(B) The covered entity receives satisfactory assurance... from the party seeking the information that reasonable efforts have been made by such party to secure a qualified protective order that meets the requirements of paragraph (e)(1)(v) of this section.
Id. § 164.512(e)(1).
A "covered entity" includes a health care provider who transmits any health information in electronic form, and may include a business associate of a covered entity. Id. § 160.103. "Satisfactory assurance" for purposes of subsection A is provided through a written statement and accompanying documents that demonstrate the party requesting the information made a good faith attempt to provide notice to the individual, and (a) the individual filed no objections, or (b) the court resolved all objections. Id. § 164.512(e)(1)(iii). "Satisfactory assurance" for purposes of subsection B is provided through a written statement and accompanying documents that demonstrate that the party seeking the protected information has requested a qualified protective order from the court, or entered into a qualified protective order presented to the court. Id. § 164.512(e)(1)(iv). A qualified protective order is defined as a court order that: (a) prohibits the parties from using or disclosing the protected health information for any purpose other than the litigation or proceeding for which it was requested; and (b) requires the return of the protected information to the covered entity or destruction of the information at the end of the litigation or proceeding. Id. § 164.512(e)(1)(v).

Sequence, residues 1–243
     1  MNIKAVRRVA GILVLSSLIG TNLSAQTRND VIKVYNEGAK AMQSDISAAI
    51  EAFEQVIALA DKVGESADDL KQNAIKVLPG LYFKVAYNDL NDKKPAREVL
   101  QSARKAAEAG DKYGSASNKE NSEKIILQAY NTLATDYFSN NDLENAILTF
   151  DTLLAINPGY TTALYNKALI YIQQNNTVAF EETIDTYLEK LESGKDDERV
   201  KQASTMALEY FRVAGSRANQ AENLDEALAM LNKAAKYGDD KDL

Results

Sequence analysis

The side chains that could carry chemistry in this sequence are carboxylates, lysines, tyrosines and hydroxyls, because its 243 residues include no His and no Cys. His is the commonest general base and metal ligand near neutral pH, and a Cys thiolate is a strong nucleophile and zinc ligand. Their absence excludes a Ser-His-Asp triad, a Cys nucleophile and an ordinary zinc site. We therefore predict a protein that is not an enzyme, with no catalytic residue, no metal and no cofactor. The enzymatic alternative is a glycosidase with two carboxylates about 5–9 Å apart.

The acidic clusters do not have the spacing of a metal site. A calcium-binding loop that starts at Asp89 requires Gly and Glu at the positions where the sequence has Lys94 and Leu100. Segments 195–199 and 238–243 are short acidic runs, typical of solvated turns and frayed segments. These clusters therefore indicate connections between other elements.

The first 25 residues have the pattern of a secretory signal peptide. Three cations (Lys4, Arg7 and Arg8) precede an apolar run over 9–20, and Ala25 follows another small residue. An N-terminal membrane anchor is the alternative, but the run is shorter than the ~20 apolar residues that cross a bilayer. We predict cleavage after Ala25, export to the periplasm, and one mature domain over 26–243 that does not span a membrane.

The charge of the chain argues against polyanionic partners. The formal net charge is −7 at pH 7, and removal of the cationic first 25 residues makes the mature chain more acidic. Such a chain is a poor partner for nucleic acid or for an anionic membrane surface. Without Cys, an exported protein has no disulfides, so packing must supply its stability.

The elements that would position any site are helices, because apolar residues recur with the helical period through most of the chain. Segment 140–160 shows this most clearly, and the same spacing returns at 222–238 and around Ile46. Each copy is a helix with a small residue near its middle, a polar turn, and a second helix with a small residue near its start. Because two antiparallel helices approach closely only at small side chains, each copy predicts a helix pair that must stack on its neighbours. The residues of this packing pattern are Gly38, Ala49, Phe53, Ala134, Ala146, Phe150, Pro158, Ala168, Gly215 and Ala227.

Defendants have not demonstrated compliance with HIPAA. The Court presumes that: 1) CDCR and Corcoran State Prison are a covered entity; 2) defense counsel is a qualified business associate within the meaning of HIPAA; and 3) Plaintiff's health information is protected under HIPAA. It appears that Defendants first notified Plaintiff of the use of his medical records in their motion for summary judgment. Plaintiff objected to the disclosure of his medical records. Defendants thus have not provided satisfactory assurance pursuant to § 164.512(e)(1)(ii)(A). Defendants also failed to file any protective order before this Court to limit the use of Plaintiff's medical records. Defendants thus have not provided satisfactory assurance pursuant to § 164.512(e)(1)(ii)(B). However, non-compliance with HIPAA does not affect the competency of Defendants' Exhibit E as evidence. Defendants' Exhibit E is clearly relevant to the motion for summary judgment, and is admissible for that purpose. The Court will thus deny Plaintiff's request to strike Exhibit E.
While the Court will not strike the exhibit, Defendants' blatant non-compliance will require the Court to act sua sponte in this matter. Individual Defendants under HIPAA should have made a request for Plaintiff's medical records and notified Plaintiff of their intent to use his medical records in support of their motion. Defendants could have entered into a joint protective order with Plaintiff as to the use of Plaintiff's medical records. Because of Defendants' noncompliance, the Court will issue a protective order, pursuant to Federal Rule of Civil Procedure 5.2(e) and Local Rule 141. Defendants' Exhibit E in support of their motion for summary judgment will be sealed.*fn1 Only the parties and the Court will be allowed to access Exhibit E.
III. Conclusion And Order
Based on the foregoing, it is HEREBY ORDERED that:
1. Plaintiff's requests to strike Defendants' Exhibits C-1 and E in support of Defendants' motion for summary judgment is denied;
2. Defendants' Exhibit E in support of their motion for summary judgment is SEALED. The Clerk of Court is directed to seal the record accordingly.
IT IS SO ORDERED.